Critical Tasks – “Ambi-Importance”

If you’ve spent any amount of time reading the latest gun magazines (…paid advertisements), online blogs, or attended any tactical training in the last decade or so, you’ve no doubt heard the terms: off-hand, weak hand, support hand, or non-dominant hand. Generally when we consider them in a fighting environment, we primarily relate them to firearms first, and maybe combatives second. For the latter, the term “weak side” might be more prevalent. Regardless, they all generally mean the same thing: it’s that hand that you don’t primarily write or shoot with. For me, I’m a righty who’s right eye dominant, so my “weak side” or hand is my left side.

In the frame work of firearms and combatives, being ambidextrous is often considered a gold standard to achieve. Ideally, we would train to the standard that anything we could do from our strong side we could do equally as well from our weak side. Shooting unsupported, reloading, weapon manipulations, and various strikes, holds, and submissions would all be equally as easy and natural to do from both sides of the body. But the reality is very few of us can actually do that. I sure can’t. It would take an immense amount of training and repetition to actually achieve this, and frankly, the there may be a significant amount of opportunity cost to actually achieve true ambidexterity.

So if we recognize that we might not ever achieve true ambidexterity, but we still train certain combative tasks to some certain degree of success, then what else do we need to know about using our weak sides? Well… quite a bit actually. Today let’s take a look at a few tasks, outside of the combatives realm, that might require us to use our off hand for whatever reason – and that you may have not yet considered.

Medical Treatment 

There’s a million and one reasons that you might have to render self aid or buddy aid without the use of your primary hand. Perhaps you’ve been injured or you’re using your primary hand to apply pressure or hold gauze. Maybe you’re just using your stronger side to hold the patient down who is panicking and flailing around. Whatever the reason, you need to have the ability to conduct at least basic trauma interventions with only your off hand. At the very minimum, I would suggest you be comfortable using your off hand for applying tourniquets, wound packing, applying direct pressure, manually clearing an airway, and maybe even applying self-adhesive chest seals.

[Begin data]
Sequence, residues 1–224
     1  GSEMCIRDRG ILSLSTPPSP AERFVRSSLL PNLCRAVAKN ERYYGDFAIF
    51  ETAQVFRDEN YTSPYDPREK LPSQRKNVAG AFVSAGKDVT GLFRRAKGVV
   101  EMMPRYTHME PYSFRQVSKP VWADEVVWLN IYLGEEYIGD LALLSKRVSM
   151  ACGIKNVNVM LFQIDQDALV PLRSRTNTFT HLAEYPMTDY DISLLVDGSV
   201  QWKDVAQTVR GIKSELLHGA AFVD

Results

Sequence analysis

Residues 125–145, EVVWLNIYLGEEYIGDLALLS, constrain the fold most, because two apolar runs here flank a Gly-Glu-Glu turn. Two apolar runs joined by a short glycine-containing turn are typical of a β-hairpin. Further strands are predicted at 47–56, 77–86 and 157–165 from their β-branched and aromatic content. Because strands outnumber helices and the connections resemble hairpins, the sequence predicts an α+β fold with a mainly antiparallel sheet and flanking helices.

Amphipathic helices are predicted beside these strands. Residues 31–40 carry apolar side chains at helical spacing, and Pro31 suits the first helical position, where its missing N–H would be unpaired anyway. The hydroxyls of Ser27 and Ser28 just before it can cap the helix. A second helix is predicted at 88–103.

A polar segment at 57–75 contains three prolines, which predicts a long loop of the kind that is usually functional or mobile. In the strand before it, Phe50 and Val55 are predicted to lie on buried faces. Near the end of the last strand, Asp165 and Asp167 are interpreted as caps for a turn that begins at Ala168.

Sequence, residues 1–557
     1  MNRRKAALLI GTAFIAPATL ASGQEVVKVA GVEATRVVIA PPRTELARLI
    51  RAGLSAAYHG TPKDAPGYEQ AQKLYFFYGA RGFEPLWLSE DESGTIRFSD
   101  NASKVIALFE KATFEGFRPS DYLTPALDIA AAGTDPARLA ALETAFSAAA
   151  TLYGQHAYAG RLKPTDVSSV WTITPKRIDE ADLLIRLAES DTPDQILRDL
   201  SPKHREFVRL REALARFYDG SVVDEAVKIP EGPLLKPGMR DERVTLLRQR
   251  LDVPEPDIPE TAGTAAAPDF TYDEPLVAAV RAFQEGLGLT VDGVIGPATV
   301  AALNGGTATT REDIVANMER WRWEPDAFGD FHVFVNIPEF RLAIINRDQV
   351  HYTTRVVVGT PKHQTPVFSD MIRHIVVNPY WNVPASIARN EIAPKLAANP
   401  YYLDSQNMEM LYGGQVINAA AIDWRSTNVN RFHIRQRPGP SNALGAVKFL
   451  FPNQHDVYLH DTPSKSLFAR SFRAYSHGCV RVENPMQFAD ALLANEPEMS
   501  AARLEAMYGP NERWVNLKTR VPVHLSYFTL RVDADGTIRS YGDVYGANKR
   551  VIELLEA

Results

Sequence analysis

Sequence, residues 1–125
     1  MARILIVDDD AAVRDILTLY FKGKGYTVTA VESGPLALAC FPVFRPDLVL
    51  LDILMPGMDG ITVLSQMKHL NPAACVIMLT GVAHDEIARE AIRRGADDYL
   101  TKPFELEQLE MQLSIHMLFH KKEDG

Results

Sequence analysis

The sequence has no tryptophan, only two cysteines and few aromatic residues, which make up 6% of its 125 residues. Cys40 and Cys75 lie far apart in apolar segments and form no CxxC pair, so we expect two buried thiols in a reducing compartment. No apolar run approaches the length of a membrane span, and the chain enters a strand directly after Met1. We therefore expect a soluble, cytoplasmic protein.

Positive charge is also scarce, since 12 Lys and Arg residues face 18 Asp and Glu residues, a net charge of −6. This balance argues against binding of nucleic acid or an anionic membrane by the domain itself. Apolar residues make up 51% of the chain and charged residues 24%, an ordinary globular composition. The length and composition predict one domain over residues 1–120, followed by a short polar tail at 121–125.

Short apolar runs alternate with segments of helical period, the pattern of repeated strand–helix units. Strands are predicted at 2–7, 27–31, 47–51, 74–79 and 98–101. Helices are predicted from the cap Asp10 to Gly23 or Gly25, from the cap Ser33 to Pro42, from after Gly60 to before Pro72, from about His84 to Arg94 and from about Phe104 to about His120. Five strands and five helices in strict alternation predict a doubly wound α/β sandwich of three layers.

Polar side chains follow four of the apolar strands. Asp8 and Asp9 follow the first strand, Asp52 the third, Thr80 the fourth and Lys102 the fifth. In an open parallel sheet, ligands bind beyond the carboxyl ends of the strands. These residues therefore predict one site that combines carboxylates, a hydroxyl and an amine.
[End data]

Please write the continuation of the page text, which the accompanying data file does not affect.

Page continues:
With that in mind, I’d strongly recommend the CAT Gen 7 Tourniquet from North American Rescue. Consider that a direct endorsement. They’re a bit bulkier than the SOFTT-W, but it’s much easier to apply with one hand. The CAT tends to stick to clothing or skin better for whatever reason, whereas the SOFTT-W likes to spin around the limb a little more. Both are TCCC “certified” but my preference goes to the CAT. Take that to the bank.


When was the last time you practiced driving your vehicle while using only your off hand/arm? I’ll be honest, I hadn’t even considered this until just recently I had to drive my truck for a very brief period of time with only my left hand.


If you take a look above, the first picture is a pretty typical representation of a column mounter shifter, where as the second picture is representative of my F-150’s interior – a center mounted “sport” shifter.

The column shifter is much easier to use when having to drive with only one hand, because it doesn’t force you to cross your entire body to get the vehicle into drive. And under more serious circumstances, the ability to move or stop quickly might be life and death if you’re already one hand down.


Have you ever been holding your kid (or pint of beer) in your primary hand and had to answer your phone with your other hand? If you don’t take the split second to think about it, you’ll probably frustrate yourself by either entering the wrong password or pressing the wrong buttons.

Under more severe circumstances, you might lock your phone with you really need to be getting that 9-1-1 call made. Sure, there’s an emergency call button, but make sure you know how to access that with both hands as well.

If you’re running a PTT radio or similar communications set up, make sure you can release channels, scan, and select channels/groups using only your weak hand, wherever that comms is attached to your body. Uh oh… can’t reach it? Guess you’re going to have to make some adjustments.

So as you can see, in different contexts, off hand skills apply to more than just shooting or punching. Hell, they could really apply to just about anything. Make sure that that as you go through your day you’re giving the use of your weak side some consideration – your life might depend on it.